The 6 Measurables of Organizational Alignment
3 years ago

As we’ve already gone over, organizational alignment is the leading indicator of the speed of growth in a business. However, surprisingly, many companies do not possess this important element. In order to know if you have it (and subsequently obtain it), there are six different points to measure in every company. I’ll take you through each of them one by one.

Organizational Alignment Measure #1: Motivation of the Stakeholders

Alignment starts with the motivation of the stakeholders.  Let me give you an example of what that could mean… I was in a situation where a private equity company had taken a company private that had been a public company previously and they put in a new CEO.

The investment window was three to five years for the private equity company, so the time horizon of the CEO and his motivation was quite short where the next layer down had the intention of working for the company for 10 to 15 years.  There was a lack of alignment in their motivations.  So that’s one example of the first phase that must be measured.

Organizational Alignment Measure #2: Strategic Initiatives

The second one is what are the strategic initiatives?  I guess I should say one more thing about motivation, which is that also encompasses why we’re doing it. If someone’s more driven by financial return and someone else is more driven by a mission or purpose, then they are out of alignment.

The mission or purpose has to be aligned with your strategic initiatives.  If your initiatives are all about revenue and your stakeholder motivation is mission driven, that lack of alignment will halt growth.

We haven’t found conclusive data yet that faster growing companies are correlated with more clearly articulated initiatives.  I don’t think that’s true.  It’s not important that they’re clearly articulated.  It’s important that they’re in alignment, whether the initiatives are explicit or implicit.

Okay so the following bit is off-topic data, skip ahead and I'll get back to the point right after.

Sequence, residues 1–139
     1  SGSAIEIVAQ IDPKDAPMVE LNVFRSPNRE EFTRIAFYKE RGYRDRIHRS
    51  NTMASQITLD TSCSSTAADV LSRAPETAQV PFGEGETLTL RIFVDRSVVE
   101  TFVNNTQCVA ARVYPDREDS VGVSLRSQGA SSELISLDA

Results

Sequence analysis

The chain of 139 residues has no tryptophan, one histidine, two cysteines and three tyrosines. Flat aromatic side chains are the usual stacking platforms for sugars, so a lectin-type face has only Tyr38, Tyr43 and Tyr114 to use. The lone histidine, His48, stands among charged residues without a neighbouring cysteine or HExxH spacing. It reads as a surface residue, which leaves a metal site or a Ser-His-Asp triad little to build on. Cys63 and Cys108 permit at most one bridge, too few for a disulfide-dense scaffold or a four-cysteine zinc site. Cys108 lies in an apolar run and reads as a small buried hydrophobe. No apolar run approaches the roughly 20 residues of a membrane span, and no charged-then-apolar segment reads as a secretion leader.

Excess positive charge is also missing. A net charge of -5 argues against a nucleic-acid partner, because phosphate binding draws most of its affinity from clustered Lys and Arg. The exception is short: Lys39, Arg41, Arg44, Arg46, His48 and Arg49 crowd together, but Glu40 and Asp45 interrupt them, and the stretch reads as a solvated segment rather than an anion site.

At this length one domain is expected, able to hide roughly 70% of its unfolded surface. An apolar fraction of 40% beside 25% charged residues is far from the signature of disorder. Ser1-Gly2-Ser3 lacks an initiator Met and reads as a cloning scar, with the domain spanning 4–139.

Organizational Alignment Measure #3: Relative Investment

That next piece is what’s your relative investment?  How are you investing your time and money against those initiatives? I’ve worked with a lot of companies that were struggling to grow in the area of their most important strategic initiative. One in particular that I recall was a software company. This company’s initiative got all the air time, and had the attention of all of the executives. But they only had 3 software developers out of 750 working on the initiative.

If the number one thing that’s going to save the future of the company has less than 1% of your development force on it, then that’s out of alignment.

measuring organizational alignment

Organizational Alignment Measure #4: Capability

Capability goes after investment.  Are we invested appropriately? When this is really tightly aligned, you’ve created a strategy where the leverage point in the strategy is the capability that you’re the best in the world at.  That’s bulls-eye.

For example: you’ve created a strategy that depends on solving really difficult analog optimization algorithms – and 5 of the top 14 scientists in the world in analog optimization work for your company.

Capability goes wrong when you end up with “it’s a good idea for us to make an adjacent move into the mobile market, but we have nobody in the company who understands that market.  Nobody who’s ever done mobile.”  So you hire a consultant or maybe some guy who was a bystander in a mobile company that did something impressive in the past.  In this case, you have no drivers that have driven that capability before in your company.

Organizational Alignment Measure #5: Market Forces

The next thing is that those initiatives have to line up or sync up with market forces or customer demand.  If your customers are all Rob Egan and your strategic initiative is to deliver pizza to them, then that lack of alignment is going to halt your growth.

Organizational Alignment Measure #6: Product/Service Delivery

The last is the actual product or service delivery, which could mean quality.  It could be a quantitative or qualitative alignment, but the idea is that the product actually keeps the promise that was aligned with the motivation in the first place.

Organizational alignment can be tough to achieve on your own, because you may not give your company a fair, objective close-up. You may have a skewed perspective of what’s going on. Having a mentor to guide you and give honest feedback is another important element for keeping your business on track, and your company aligned. Mind Money Meaning is a simple, straight-forward mentoring system that will help you answer the tough questions and take a close look through an honest lens. Check it out right here and see if it’s the change you need in 2014.

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